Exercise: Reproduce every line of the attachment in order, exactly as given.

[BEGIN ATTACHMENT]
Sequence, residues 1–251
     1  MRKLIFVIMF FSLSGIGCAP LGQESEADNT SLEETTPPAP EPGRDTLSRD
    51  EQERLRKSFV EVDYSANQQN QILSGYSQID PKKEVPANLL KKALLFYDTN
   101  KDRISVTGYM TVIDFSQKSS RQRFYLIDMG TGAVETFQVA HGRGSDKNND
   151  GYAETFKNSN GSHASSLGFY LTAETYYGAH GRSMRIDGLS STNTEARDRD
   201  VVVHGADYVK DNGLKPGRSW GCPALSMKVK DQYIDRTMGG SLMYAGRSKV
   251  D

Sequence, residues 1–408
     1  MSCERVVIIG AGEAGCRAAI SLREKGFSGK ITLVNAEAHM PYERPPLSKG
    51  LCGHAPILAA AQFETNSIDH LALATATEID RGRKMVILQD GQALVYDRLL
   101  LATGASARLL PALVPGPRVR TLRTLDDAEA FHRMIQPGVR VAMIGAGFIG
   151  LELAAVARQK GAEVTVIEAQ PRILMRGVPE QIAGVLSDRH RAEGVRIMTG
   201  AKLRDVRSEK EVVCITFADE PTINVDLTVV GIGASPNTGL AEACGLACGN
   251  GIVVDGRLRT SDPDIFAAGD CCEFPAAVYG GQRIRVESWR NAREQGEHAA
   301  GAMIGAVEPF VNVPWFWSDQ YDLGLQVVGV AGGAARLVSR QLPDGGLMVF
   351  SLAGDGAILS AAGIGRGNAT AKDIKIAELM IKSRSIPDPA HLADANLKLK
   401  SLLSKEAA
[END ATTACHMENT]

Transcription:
Sequence, residues 1–251
     1  MRKLIFVIMF FSLSGIGCAP LGQESEADNT SLEETTPPAP EPGRDTLSRD
    51  EQERLRKSFV EVDYSANQQN QILSGYSQID PKKEVPANLL KKALLFYDTN
   101  KDRISVTGYM TVIDFSQKSS RQRFYLIDMG TGAVETFQVA HGRGSDKNND
   151  GYAETFKNSN GSHASSLGFY LTAETYYGAH GRSMRIDGLS STNTEARDRD
   201  VVVHGADYVK DNGLKPGRSW GCPALSMKVK DQYIDRTMGG SLMYAGRSKV
   251  D

Sequence, residues 1–408
     1  MSCERVVIIG AGEAGCRAAI SLREKGFSGK ITLVNAEAHM PYERPPLSKG
    51  LCGHAPILAA AQFETNSIDH LALATATEID RGRKMVILQD GQALVYDRLL
   101  LATGASARLL PALVPGPRVR TLRTLDDAEA FHRMIQPGVR VAMIGAGFIG
   151  LELAAVARQK GAEVTVIEAQ PRILMRGVPE QIAGVLSDRH RAEGVRIMTG
   201  AKLRDVRSEK EVVCITFADE PTINVDLTVV GIGASPNTGL AEACGLACGN
   251  GIVVDGRLRT SDPDIFAAGD CCEFPAAVYG GQRIRVESWR NAREQGEHAA
   301  GAMIGAVEPF VNVPWFWSDQ YDLGLQVVGV AGGAARLVSR QLPDGGLMVF
   351  SLAGDGAILS AAGIGRGNAT AKDIKIAELM IKSRSIPDPA HLADANLKLK
   401  SLLSKEAA